Some 52% of tillage farmers expect to lose some of their rented land for the 2024 season, according to an Irish Farmers Journal survey.

A total of 39% of respondents said that they lost land in 2023 and 76% of those said that they lost land to dairy farmers.

The survey was carried out over the past week, following the announcement that the nitrates derogation limit is to be reduced from 250kg organic N/ha to 220kg/ha from 1 January.

Some 16% of those surveyed said they had already lost land ahead of the winter planting season, while another 16% said they expect to lose land before planting winter crops.

Almost 80% of those surveyed rent land for tillage farming.

Of this land, 62% of is being leased under long-term leases and 38% is under conacre arrangements.

Of the 52% who said that they will lose rented land, 82% said that they cannot meet the prices being paid, while the remainder said that the land was no longer being rented out.

Some 48% of those surveyed said the maximum amount that they can pay for land rental is between €200/ac and €250/ac (Figure 3).

Tillage farmers commented in the survey that 2023 has been a particularly tough year with high input prices and reduced grain prices.

Scheme detail needed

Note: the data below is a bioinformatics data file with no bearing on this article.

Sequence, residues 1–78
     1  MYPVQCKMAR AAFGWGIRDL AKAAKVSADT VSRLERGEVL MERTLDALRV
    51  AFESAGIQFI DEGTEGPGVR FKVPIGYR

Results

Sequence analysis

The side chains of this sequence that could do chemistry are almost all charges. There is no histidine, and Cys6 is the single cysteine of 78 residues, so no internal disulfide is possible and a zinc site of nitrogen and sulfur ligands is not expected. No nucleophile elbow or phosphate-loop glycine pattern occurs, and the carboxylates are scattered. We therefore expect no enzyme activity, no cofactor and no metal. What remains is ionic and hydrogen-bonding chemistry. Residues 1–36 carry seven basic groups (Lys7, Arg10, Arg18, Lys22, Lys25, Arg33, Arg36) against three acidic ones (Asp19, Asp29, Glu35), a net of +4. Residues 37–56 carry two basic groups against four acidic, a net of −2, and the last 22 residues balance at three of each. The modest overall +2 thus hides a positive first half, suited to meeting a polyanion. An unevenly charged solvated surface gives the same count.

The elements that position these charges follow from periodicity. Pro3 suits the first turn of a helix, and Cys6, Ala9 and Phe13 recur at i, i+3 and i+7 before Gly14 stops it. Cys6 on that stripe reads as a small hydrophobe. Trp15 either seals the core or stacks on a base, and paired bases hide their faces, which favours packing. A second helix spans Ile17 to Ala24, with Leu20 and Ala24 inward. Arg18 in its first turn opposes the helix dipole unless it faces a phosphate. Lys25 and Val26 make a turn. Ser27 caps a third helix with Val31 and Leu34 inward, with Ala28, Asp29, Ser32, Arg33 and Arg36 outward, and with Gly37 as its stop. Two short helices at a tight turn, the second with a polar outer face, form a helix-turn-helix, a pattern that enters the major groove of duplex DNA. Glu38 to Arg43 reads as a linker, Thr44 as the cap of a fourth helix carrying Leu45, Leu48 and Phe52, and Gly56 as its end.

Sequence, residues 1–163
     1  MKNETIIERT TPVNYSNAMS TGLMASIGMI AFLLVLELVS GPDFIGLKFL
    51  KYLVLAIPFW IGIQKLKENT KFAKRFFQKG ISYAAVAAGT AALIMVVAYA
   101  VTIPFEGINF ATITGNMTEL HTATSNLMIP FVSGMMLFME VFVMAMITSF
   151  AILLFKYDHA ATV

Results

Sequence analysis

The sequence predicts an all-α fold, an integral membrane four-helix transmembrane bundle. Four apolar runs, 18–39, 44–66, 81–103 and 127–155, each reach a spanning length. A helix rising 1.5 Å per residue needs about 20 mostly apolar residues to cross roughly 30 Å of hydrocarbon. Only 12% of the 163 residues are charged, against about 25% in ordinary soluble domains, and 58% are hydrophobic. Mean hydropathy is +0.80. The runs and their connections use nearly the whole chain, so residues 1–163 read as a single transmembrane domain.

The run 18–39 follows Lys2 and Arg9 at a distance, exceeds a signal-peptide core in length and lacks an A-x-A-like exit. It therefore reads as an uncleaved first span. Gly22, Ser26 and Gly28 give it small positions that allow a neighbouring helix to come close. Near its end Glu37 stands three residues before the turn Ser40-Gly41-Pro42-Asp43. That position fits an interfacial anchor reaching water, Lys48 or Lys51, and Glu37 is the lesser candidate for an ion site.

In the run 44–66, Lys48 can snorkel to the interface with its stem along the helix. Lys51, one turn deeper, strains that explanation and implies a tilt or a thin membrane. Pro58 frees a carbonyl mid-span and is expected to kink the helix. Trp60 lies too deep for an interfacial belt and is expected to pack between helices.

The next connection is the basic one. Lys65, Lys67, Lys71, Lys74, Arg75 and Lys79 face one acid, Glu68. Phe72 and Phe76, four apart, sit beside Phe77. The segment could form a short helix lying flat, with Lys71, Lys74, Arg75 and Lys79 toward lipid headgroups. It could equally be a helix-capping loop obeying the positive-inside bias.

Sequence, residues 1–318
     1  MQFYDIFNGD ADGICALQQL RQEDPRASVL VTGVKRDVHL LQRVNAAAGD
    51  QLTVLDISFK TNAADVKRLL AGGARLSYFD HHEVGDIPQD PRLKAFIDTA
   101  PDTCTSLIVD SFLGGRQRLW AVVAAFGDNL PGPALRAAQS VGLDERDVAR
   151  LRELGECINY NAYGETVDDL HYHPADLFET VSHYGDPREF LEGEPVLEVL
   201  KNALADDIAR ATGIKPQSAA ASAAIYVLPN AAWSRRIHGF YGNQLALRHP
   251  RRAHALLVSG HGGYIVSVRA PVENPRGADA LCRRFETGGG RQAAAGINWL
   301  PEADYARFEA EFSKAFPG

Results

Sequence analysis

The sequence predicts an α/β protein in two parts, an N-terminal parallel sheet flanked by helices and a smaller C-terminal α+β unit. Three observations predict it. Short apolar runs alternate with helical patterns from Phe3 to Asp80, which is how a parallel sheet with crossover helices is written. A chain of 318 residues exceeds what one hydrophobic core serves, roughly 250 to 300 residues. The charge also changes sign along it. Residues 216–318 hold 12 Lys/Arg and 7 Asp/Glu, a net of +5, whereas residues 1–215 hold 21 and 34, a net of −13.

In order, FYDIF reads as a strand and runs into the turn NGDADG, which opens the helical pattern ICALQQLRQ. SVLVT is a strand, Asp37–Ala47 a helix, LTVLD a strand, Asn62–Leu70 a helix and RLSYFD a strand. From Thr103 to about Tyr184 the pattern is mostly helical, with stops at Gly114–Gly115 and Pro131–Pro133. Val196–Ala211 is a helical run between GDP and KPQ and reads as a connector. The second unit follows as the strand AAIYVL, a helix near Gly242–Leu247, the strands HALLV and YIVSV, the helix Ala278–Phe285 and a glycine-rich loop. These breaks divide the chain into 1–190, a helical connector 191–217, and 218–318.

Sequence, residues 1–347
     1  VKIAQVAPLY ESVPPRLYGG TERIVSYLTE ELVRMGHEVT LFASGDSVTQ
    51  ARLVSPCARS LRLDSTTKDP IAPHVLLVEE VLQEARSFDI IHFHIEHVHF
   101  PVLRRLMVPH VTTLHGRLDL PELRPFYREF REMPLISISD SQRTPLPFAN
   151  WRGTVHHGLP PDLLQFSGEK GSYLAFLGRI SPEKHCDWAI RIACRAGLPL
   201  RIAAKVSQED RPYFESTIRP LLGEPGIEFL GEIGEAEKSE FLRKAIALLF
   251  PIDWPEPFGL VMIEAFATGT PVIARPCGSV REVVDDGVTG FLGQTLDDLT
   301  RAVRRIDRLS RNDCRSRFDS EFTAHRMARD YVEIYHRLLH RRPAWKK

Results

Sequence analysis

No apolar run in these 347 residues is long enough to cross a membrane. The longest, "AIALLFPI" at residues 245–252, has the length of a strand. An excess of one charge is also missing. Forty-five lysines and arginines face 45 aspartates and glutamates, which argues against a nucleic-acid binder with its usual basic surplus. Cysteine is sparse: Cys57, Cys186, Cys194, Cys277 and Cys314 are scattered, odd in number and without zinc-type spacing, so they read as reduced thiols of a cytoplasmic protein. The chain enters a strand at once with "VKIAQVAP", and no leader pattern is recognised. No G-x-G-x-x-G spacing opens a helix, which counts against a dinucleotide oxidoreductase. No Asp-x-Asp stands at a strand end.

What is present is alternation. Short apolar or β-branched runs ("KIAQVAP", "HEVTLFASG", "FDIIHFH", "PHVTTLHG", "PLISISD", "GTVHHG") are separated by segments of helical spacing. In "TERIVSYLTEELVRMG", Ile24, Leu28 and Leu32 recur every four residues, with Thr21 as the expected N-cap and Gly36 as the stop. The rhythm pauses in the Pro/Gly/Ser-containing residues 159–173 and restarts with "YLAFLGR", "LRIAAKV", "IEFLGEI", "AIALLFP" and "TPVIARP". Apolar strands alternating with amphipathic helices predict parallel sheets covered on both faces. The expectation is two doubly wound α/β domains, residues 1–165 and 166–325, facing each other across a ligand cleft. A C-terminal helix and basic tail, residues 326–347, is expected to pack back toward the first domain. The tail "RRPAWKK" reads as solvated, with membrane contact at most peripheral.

Interestingly, 70% of those surveyed said that having details of the Tillage Incentive Scheme (TIS) and its payment rates ahead of the planting season would help them to secure land.

Although farmers did note that if they need to secure land that is already in tillage the TIS does not make a difference to them and that it is actually having a negative impact on them.

Respondents were critical of the scheme.

Some called it a “reseeding” scheme, while others called for a flat-rate payment for tillage as well as the ring-fencing of the tillage area and equality under TAMS.

Survey details

In total, 157 respondents took part in the survey. Some 56% were specialist tillage farmers, 31% were mixed tillage with beef/sheep and 13% were mixed tillage with beef and/or dairy.

There was a massive spread in the area farmed. A total of 18% had less than 50ha, 16% had 50ha to 80ha, while 16% had over 250ha (Figure 1).


The new nitrates derogation rules are severely impacting tillage area by placing extra demand on rented land and driving up land rental prices.

They are making the Government’s plan to increase tillage area by 52,000ha by 2030 and the Minister for Agriculture’s aim to make Ireland less reliant on feed imports impossible.